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Black rose Bella 6-qt. slow cooker $39.97 at Nordstrom Rack online.

However, if I had a bigger house, a larger family, or did more entertaining, that beast would be mine.

Even though I do own an All-Clad Programmable that cost over $150, another Christmas gift from Mom (thanks, mom), I’ve found that the smaller 5-6 quart manual slow cookers are every bit as good, despite having fewer settings. Plus, they cost a lot less.

The best thing about Crock-Pot cooking is how simple it is. When is the last time you made an appetizer in 5 minutes? AND got rave reviews for it? Trust me. This recipe for Sweet & Spicy Meatballs is a perennial favorite at holiday potlucks.

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1 14 oz. can Ocean Spray Cranberry Sauce

1 12 oz. bottle of Heinz Chili Sauce

1 2-lb bag frozen, pre-cooked, cocktail meatballs

Directions: Place meatballs in the slow cooker. Combine sauces and pour over meatballs. Cover and cook 4 hours. Prep time 5 minutes. 30 appetizer servings.

Another of my fall favorites, perfect for a Sunday afternoon of leaf-raking or couch-surfing, this slow cooker French Dip from the Let’s Dish Recipes blog. Now if you’ll excuse me, I have a tiny pink Crock-pot to buy.

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Hello Gorgeous!

Blogger Mel B,  a Smart Perks employee, never met a counter-top appliance she didn’t like.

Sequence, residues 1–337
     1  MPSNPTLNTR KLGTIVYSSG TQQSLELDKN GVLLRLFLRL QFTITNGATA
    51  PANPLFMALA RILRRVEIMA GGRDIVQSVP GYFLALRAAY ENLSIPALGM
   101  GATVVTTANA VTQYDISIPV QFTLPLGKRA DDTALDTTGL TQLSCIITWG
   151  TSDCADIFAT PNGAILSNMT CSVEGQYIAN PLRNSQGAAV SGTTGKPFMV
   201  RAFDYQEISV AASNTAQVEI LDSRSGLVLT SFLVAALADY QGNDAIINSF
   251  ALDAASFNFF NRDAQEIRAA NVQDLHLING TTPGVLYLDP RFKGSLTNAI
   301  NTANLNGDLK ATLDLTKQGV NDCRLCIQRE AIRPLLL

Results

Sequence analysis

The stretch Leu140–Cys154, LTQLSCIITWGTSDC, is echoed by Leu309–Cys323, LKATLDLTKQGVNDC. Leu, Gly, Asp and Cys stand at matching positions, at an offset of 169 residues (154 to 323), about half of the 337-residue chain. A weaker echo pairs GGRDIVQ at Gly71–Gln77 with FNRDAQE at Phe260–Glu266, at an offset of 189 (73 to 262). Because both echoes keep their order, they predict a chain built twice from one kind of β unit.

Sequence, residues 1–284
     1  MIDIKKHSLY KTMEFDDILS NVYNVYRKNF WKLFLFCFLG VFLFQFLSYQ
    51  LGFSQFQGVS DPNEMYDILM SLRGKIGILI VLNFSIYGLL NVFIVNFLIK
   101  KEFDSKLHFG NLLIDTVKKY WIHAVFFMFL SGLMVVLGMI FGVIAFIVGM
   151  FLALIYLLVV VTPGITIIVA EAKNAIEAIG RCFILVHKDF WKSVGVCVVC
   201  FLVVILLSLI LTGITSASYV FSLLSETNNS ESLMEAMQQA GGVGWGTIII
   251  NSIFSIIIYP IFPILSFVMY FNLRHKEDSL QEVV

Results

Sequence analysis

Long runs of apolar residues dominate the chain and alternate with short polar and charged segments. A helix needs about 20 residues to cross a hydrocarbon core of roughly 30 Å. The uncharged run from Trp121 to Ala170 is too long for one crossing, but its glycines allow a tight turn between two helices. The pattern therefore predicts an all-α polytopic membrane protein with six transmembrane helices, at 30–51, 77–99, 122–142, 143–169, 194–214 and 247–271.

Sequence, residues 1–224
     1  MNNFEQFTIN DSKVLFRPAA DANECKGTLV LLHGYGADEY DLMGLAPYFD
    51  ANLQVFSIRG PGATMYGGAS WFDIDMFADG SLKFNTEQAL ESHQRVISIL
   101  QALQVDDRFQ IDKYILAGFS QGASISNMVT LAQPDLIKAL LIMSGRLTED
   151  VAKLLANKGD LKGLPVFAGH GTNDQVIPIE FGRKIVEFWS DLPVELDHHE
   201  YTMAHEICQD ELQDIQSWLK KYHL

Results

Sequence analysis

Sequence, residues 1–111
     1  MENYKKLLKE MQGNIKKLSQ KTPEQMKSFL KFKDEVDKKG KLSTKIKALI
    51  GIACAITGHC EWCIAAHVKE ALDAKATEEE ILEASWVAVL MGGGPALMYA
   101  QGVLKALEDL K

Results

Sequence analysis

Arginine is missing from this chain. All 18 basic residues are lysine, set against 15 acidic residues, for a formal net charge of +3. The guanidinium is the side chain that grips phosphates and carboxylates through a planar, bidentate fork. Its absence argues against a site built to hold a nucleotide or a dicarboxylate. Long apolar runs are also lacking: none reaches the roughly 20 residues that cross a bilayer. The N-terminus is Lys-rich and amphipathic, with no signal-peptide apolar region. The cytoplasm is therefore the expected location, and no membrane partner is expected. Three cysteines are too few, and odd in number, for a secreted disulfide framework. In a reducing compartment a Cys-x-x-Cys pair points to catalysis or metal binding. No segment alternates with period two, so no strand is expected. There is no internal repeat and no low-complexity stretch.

Five Simple Fall Home Decor Suggestions

Is your home ready for a warm and welcoming fall update? Here are some of my favorite ideas that are fun and festive.

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Growing up in sunny South Florida, I never got to experience the changing of the seasons. For the majority of the year, it was sticky, humid heat, with a few short weeks of low-40s temperatures which necessitated nothing more than a light coat. How I longed for what fall is for the rest of the country: vibrant golden leaves, a brisk chill in the air, roaring fireplaces and chili on the stove! Instead, I settled for decorating my house for fall with my mom. If I couldn’t experience the real thing, I could at least feel like I was.

Starting when I was around 7 years old, every September we would break out our boxes of wreaths, garlands, and centerpieces. Though we couldn’t collect fallen leaves or pretty twigs from the ground outside to incorporate, we did use our standby plastic and fabric imitations, which did the trick. We even have a miniature decorative autumnal-themed village we set up on our living room table, complete with a ceramic general store, thatch-roofed cottage and little red-topped trees!

Even if you’re not the kind of person to go all out, here are some simple ideas that are easy enough to do but have a big, welcoming impact for any visitors your home might have this autumn.

With no further delay, here are our top five ways to decorate your home for fall:

Statement Centerpieces

photo from countryliving.com